This symposium was structured into three scientific sessions: 1) Molecular function of MeCP2 and DNA methylation; 2) Pathogenesis and neuronal and circuit alterations; and 3) Therapeutics. In each session, eminent scientists shared both published and unpublished work (see Meeting Agenda). These diverse research presentations laid the foundation for the open discussions at the end of each session, as well as the organic discussions occurring throughout the symposium.


The predominant molecular function of MeCP2 is to bind methylated cytosines. Further work has elucidated several other roles, like recruitment of repressor proteins and global gene regulation. Now, we must understand how MeCP2 works in different contexts. The basic science research talks centered around studying how loss of MeCP2 function disrupts the normal biology in several contexts:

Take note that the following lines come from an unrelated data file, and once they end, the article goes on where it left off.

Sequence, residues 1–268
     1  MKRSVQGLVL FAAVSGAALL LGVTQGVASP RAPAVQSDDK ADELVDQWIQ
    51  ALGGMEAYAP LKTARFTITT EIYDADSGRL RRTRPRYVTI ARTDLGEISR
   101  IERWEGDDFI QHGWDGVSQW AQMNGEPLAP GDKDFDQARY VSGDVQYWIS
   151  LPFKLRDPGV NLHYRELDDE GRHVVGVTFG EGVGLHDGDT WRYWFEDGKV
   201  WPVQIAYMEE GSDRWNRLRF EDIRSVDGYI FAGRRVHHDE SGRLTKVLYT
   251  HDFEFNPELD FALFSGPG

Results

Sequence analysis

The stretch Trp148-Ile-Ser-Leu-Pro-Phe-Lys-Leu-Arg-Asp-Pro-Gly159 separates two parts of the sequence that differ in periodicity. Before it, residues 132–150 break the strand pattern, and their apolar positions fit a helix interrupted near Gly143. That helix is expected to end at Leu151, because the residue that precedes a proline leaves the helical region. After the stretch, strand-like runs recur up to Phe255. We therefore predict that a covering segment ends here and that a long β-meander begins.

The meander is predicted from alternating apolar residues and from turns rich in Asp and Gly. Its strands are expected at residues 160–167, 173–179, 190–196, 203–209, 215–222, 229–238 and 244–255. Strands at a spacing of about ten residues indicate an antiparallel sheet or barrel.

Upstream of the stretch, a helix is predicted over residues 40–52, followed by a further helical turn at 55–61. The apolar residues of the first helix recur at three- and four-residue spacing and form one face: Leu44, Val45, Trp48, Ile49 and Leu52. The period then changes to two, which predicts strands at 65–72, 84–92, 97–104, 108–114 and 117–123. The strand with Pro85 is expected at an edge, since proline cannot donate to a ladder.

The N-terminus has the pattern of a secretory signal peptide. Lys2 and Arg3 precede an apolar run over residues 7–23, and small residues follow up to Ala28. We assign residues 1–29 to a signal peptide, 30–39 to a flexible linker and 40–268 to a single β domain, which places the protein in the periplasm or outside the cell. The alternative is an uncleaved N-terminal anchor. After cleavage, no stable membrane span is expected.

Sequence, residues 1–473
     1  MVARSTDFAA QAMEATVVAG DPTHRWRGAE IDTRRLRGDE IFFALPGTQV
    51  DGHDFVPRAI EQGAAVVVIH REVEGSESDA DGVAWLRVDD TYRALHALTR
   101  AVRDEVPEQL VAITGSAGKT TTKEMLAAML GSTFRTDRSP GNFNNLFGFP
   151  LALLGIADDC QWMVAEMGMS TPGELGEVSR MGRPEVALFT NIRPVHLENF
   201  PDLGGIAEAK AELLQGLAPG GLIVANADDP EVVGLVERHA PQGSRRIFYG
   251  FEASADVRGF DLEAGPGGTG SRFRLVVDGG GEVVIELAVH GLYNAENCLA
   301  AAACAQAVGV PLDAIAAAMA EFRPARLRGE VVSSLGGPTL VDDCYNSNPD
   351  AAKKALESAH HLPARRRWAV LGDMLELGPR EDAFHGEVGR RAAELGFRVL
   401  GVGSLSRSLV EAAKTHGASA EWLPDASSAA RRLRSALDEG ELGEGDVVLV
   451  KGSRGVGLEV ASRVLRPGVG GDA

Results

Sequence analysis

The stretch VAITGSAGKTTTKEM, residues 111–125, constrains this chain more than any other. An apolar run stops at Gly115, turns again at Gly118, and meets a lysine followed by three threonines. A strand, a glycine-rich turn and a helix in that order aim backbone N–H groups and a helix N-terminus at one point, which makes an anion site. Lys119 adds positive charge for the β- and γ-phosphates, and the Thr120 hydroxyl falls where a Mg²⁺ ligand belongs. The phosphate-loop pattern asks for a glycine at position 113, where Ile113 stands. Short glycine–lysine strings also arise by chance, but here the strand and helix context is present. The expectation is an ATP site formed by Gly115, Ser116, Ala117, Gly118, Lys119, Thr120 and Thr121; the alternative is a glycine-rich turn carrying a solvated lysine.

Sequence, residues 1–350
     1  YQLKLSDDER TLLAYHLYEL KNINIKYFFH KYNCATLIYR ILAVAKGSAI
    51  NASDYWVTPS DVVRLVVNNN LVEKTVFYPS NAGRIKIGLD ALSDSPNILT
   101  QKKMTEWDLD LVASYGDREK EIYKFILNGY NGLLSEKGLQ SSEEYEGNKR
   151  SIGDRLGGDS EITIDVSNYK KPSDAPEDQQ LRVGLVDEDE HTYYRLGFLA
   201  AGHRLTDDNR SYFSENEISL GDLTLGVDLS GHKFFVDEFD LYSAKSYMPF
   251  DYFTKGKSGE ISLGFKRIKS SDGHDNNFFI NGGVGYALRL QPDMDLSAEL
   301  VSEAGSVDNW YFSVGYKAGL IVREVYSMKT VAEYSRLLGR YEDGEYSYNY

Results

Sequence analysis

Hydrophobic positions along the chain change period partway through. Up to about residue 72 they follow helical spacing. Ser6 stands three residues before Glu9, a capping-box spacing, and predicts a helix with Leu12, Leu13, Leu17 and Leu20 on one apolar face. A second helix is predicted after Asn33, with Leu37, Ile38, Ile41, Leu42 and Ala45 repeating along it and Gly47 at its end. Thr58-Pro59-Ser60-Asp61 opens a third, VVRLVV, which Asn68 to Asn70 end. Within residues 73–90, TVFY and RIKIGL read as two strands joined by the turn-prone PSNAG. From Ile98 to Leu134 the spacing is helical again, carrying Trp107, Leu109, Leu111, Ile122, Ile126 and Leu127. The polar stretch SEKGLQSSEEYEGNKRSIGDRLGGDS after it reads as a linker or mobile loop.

• Genomic contexts: the gradation of severity observed in Rett patients raises the possibility that some patients may have additional mutations that worsen or improve the outlook of the disorder. By introducing random mutations in Rett mice, it was discovered that mutations in several components of the same pathway improved overall survival. This work not only revealed the importance of a new pathway that could be targeted therapeutically, but also demonstrated that other genes tangibly affect the Rett phenotype (Dr. Monica Justice).